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Entries in Infestation (2)

Wednesday
May252011

New York City Leads the Nation in Bed Bug Infestations

JEWEL SAMAD/AFP/Getty Images(MEMPHIS, Tenn.) -- The Big Apple apparently has a few bugs in it.

A study just released by Terminix reveals that New York City leads the country in bed bug infestations for the second straight year.  Experts aren't too surprised by the result, saying New York City is a heavily populated metropolis with well-publicized infestations everywhere, from apartment buildings to department stores to corporate offices.

Terminix reports there has been an increase in reported bed bug infestations in most states during the past year, mainly because consumers are more aware and on the lookout for the little buggers.

Here's the extermination company’s list of most bed bug-plagued cities, based on customer complaints validated by Terminix and infestations discovered during pest calls:

1. New York
2. Cincinnati
3. Detroit
4. Chicago
5. Philadelphia
6. Denver
7. Washington, D.C.
8. Los Angeles
9. Boston
10. San Francisco
11. Columbus, Ohio
12. Dayton, Ohio
13. Baltimore
14. Louisville, Kentucky
15. Dallas´╗┐

Copyright 2011 ABC News Radio

Tuesday
May172011

Bedbug Infestations May Prompt Feelings of Anxiety, Paranoia

JEWEL SAMAD/AFP/Getty Images(NEW YORK) -- Bedbug infestations, and often the media frenzy surrounding the vermin, may increase the risk of mental health problems and exacerbate pre-existing psychiatric conditions, according to a new study.

"Bedbugs, mice, rats roaches -- they've bothered human beings, and they have been around for many, many years," Dr. Evan Rieder, a psychiatrist at New York University's Langone Medical Center and lead author of the study, told MedPage Today.  "But there's something about the sanctity of the bedroom and the bed and the fact that bedbugs are attracted to warmth and attracted to blood, because that's how they feed, that really violates something that's really personal to the human experience."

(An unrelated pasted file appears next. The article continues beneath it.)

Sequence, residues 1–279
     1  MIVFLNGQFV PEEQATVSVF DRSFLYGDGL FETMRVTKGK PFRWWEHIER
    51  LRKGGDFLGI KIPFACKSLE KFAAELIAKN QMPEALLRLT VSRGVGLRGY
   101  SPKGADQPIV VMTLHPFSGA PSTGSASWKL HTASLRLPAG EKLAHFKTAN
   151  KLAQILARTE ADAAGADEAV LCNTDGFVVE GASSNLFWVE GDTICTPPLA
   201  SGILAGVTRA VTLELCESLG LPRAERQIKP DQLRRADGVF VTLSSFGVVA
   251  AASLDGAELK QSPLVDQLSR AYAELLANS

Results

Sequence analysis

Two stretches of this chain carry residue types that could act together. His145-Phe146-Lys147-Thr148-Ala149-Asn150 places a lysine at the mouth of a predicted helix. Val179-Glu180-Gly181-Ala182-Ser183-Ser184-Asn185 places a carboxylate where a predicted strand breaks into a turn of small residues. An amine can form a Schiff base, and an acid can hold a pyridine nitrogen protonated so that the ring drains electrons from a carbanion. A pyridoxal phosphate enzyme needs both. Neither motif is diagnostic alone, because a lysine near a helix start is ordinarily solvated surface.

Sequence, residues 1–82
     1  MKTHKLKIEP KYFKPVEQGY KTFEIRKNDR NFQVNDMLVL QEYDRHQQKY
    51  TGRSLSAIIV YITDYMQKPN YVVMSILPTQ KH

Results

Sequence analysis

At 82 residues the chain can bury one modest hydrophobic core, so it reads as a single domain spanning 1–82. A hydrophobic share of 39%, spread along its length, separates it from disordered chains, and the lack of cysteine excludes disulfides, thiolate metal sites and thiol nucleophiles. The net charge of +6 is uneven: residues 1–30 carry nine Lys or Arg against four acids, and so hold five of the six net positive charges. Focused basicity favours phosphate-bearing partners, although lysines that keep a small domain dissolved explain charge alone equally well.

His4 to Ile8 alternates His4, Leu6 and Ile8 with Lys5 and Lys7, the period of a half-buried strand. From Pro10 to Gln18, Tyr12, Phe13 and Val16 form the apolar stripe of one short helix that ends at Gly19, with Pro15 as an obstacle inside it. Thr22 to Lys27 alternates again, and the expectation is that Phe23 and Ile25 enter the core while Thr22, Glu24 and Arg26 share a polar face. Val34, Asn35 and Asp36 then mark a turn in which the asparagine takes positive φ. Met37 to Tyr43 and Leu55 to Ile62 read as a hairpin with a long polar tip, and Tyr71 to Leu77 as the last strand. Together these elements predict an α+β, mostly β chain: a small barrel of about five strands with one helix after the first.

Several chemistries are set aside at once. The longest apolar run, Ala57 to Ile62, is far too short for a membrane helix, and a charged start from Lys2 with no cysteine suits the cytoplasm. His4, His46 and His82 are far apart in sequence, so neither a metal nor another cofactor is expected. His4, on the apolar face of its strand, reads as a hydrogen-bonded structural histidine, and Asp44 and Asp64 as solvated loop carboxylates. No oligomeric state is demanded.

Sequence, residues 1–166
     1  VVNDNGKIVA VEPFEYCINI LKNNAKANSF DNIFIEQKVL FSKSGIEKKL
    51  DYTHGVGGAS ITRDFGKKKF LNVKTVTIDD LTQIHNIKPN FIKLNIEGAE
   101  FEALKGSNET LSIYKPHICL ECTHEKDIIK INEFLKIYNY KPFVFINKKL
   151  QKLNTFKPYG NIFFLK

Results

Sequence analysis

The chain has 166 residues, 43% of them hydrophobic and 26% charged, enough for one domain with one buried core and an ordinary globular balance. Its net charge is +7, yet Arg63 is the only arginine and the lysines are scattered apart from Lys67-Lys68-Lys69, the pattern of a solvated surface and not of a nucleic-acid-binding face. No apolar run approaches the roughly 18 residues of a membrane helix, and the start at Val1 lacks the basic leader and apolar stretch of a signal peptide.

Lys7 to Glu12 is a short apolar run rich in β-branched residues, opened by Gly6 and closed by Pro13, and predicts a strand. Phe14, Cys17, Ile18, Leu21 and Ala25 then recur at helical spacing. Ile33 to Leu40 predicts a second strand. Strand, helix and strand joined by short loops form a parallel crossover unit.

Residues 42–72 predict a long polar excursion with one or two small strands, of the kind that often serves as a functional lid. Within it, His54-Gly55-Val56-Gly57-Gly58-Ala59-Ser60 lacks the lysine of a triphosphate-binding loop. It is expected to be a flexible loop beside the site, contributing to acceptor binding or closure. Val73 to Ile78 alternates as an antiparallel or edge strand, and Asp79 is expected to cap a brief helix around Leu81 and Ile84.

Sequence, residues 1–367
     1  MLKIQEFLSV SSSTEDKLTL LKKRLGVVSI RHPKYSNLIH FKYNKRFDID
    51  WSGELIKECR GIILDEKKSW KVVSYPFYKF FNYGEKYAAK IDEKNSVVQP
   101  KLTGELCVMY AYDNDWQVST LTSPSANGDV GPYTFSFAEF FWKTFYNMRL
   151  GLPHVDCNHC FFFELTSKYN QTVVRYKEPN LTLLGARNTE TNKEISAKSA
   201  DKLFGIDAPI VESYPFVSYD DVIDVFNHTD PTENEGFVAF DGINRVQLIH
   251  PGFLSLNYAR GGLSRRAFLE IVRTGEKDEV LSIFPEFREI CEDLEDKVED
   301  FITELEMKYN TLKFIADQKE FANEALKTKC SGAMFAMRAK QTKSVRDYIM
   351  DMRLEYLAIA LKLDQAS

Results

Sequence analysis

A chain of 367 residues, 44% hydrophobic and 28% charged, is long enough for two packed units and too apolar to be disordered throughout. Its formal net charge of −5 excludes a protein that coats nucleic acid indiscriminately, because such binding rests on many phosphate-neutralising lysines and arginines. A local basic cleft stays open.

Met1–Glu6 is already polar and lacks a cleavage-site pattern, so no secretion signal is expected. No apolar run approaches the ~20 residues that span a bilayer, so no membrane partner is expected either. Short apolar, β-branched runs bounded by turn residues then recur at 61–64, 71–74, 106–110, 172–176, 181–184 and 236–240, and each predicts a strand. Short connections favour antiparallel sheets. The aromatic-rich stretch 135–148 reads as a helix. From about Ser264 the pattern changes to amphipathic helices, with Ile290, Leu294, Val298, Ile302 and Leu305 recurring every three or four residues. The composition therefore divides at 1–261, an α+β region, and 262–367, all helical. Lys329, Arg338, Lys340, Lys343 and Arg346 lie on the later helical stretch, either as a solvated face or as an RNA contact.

Only 10 people, ranging in age from 21 to 75, participated in the study, but the researchers presented a detailed review of six of the 10 cases at the American Psychiatric Association meeting in Honolulu.  After a bedbug infestation, some participants experienced anxiety, depression, controlled bipolar disorder and monosymptomatic delusional disorder in which one imagines that bugs are crawling all over the skin.

For other participants, it didn't take an actual infestation to trigger anxiety and symptoms of paranoia.  Rieder said some of them exhibited tactile hallucinations.  Even though they did not have a history of an infestation nor a history of psychosis, the participants were convinced that bedbugs were crawling on their skin.  Rieder said the swirling media coverage surrounding the vermin may play a part in the paranoia that surrounds this condition.

"If you look at the media on a global basis, bedbugs are all over the place, and the incidence in the media, in newspapers, magazines, TV reports, has been going up steadily since the year 2001, so there may be some media-driven frenzy," Rieder told MedPage Today.

Any doctor seeing patients with bedbug infestation and pre-existing psychoses "should be on alert," Rieder said. "These people can decompensate even if they've been medically stable for a significant period of time."

Researchers said it's unclear why a bedbug infestation threatens the mental health of some more than others, but they hope to research the topic further, as bedbugs are not going away.´╗┐

Copyright 2011 ABC News Radio







ABC News Radio